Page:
• Risk Assessment – estimate the likelihood and severity of the harm that each hazard may cause and assign a risk rating to be able to prioritise and establish appropriate controls in a targeted and effective way.
    • Risk Control or Management – propose and implement appropriate controls to eliminate or mitigate the risks associated with each hazard, following the hierarchy of controls shown on our [Risk Assessment and Management] page.  
  • Flow of Care – lays out the various tiers of responsibility and processes for responding to and evaluating different types of incidents. Examples include:
    • Volunteers handing out free water – preventative measure against dehydration and heat stroke etc., while also being ‘eyes on the ground’ to monitor attendees’ wellbeing.
    • First-Aid Station – place to go for any immediately treatable injuries or illness – e.g. cuts and scrapes, sunburn etc.
    • St John’s Ambulance – more serious incidents, injuries and illness – broken bones, heavy bleeding, dangerous intoxication etc.
  • First Aid Provision – ensure that an appropriate number of certified First Aid personnel are rostered on for all stages of the event, from pack in to pack out. Consider engaging a recognised First Aid service provider if you do not have the capabilities within your team.
  • Incident Reporting System and Policy – you are required to:
    • Demonstrate your internal incident reporting system (how issues are reported and to whom, including near-misses) as well as management responsibilities and expectations.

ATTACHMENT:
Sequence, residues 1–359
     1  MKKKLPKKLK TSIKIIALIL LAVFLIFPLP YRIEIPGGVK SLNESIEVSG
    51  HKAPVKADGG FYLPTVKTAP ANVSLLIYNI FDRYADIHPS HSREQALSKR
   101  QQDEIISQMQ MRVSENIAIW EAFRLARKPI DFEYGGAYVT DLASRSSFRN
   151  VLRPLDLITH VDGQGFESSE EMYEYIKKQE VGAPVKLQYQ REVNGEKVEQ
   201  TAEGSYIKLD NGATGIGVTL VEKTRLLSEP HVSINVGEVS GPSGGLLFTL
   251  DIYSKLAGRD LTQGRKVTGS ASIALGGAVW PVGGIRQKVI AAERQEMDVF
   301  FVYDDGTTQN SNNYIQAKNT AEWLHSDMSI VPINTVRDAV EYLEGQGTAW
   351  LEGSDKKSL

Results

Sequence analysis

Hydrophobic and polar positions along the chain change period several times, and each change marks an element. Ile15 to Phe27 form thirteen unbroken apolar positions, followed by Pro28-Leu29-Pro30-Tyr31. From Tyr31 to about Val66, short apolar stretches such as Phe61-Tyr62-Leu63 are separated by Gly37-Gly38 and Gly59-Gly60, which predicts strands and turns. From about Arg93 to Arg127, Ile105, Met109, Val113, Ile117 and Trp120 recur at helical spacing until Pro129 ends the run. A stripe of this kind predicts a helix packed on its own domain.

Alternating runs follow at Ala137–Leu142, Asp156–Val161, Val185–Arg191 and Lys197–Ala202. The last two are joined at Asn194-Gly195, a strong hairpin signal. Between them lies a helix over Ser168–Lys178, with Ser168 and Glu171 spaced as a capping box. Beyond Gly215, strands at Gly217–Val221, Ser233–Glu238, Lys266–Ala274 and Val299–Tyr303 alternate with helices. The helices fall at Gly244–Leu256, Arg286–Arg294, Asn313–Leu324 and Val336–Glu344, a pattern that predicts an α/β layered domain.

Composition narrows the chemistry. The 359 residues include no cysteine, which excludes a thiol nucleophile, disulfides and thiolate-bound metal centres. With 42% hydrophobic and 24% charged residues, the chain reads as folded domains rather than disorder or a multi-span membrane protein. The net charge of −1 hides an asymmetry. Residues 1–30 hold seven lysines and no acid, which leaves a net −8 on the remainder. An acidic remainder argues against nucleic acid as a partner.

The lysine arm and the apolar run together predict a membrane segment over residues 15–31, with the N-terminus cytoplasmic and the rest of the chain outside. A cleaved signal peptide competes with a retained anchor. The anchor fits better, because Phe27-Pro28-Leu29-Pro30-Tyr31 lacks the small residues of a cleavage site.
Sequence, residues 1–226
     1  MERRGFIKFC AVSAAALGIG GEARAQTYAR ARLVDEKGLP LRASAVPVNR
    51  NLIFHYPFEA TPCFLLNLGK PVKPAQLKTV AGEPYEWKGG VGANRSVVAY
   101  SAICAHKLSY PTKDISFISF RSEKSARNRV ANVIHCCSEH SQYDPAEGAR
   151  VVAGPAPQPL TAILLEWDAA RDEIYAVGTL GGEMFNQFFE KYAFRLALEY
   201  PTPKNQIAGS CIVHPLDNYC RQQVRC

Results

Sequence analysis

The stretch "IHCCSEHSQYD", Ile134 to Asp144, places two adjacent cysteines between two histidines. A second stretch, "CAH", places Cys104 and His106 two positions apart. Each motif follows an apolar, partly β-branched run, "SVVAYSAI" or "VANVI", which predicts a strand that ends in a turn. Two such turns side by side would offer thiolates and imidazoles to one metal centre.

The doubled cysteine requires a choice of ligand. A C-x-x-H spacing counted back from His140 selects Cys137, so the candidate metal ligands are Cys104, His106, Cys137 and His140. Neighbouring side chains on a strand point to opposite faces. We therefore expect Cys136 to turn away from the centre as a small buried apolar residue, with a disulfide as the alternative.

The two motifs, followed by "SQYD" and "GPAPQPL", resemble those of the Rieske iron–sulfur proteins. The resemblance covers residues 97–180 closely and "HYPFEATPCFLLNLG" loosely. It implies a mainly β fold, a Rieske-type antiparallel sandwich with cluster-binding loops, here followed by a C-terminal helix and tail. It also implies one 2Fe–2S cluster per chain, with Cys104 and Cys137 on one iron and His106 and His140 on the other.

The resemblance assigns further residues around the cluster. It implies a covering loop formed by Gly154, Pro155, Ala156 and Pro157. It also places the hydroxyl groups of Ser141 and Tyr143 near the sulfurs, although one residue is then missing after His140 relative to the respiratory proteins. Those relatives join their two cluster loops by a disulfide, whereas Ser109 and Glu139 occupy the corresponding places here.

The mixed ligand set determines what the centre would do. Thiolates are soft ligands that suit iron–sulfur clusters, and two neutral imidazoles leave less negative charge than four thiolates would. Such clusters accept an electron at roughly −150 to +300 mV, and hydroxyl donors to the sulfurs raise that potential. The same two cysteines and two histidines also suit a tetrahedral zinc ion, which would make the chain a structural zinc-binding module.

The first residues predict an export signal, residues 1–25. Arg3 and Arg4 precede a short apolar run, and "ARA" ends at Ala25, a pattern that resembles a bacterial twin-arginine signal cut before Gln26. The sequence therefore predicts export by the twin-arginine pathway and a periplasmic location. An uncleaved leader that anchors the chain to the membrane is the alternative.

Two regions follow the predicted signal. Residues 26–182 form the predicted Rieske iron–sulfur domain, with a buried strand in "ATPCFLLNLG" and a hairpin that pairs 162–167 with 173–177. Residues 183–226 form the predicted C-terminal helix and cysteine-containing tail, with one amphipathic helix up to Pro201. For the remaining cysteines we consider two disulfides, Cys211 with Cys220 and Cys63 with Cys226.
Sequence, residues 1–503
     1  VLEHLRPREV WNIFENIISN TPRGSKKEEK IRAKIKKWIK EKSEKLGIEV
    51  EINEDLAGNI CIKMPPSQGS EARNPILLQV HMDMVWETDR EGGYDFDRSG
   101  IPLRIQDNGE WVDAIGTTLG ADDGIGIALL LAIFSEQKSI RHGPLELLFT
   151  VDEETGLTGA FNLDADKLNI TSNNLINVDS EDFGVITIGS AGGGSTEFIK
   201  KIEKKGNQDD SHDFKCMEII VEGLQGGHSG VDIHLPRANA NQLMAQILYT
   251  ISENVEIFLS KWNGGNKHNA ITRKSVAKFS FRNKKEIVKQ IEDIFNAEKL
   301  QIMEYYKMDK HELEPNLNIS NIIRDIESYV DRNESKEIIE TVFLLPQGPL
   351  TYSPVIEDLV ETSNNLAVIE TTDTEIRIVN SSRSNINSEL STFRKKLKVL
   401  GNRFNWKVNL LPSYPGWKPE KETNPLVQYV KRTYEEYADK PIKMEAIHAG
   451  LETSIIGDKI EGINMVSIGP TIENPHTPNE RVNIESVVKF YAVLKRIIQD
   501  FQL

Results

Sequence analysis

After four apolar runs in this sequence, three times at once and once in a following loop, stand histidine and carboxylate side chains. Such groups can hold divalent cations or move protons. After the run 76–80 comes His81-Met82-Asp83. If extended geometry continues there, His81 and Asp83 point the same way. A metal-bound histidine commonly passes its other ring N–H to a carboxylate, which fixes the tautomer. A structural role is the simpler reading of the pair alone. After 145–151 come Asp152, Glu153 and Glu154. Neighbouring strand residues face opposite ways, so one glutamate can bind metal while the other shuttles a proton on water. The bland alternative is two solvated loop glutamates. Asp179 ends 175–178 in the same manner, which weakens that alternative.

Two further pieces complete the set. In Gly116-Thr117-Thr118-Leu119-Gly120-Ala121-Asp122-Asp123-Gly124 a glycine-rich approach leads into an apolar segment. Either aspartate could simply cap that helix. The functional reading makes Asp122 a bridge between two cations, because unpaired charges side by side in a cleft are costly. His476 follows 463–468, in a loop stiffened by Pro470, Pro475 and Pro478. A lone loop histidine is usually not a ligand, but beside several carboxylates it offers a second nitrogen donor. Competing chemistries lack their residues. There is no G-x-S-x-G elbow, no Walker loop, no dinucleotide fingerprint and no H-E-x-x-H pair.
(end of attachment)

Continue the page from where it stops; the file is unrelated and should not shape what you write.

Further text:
• List your procedures for reporting notifiable events to WorkSafe as well as incident investigation procedures.
  • Emergency Management Plan – it is important to be prepared for any emergencies that could reasonably occur at or around your event. Visit our [Emergency Management] page for details on an emergency management plan. This section should include:
    • A list of the types of emergencies that could reasonably occur.
    • How each emergency is being prepared for – e.g., information, training.
    • Communication methods and decision-making protocol in an emergency.
    • Emergency evacuation plan and who can authorise this action.
    • Nearest accident and emergency facility address and contact details.
    • Role of event staff in the case of an emergency and a process to account for all event staff, volunteers and contractors at the site post-emergency.
    • Process to ensure the wellbeing of lost children and other vulnerable people in the event’s care.
    • Reference to the site map for all important emergency response factors.
    • Emergency service personnel briefing and plan for access if needed.

Toolbox Meetings

‘Toolbox Meetings’ should be implemented and held regularly (usually at the start of each day) throughout the set-up, duration, and pack down of your event.

  • These meetings are for key event staff, contractors, venue, security, emergency personnel etc. to discuss the specific activities happening that day and any hazards and risk-mitigation actions required.
  • The outcomes should be relayed through the line of command for each organisation to ensure everyone involved has the required information to stay safe on the job.

Hazard Register Board

  • Prominently display a Hazard Register Board in all areas where hazardous work is being undertaken, listing the specific hazards present and the risk management actions to be taken.
  • Ensure your Hazard Register is regularly updated – at the toolbox meetings and as and when required.
Useful Links:

WorkSafe New Zealand:

Emergency Services:

New Plymouth District Council Health & Safety Guidelines:

Have you considered?
  • Health and safety training – this can be a great way to upskill your staff and encourage a strong health and safety culture within your event team.
  • If you are in doubt, contact WorkSafe New Zealand for further information and guidance.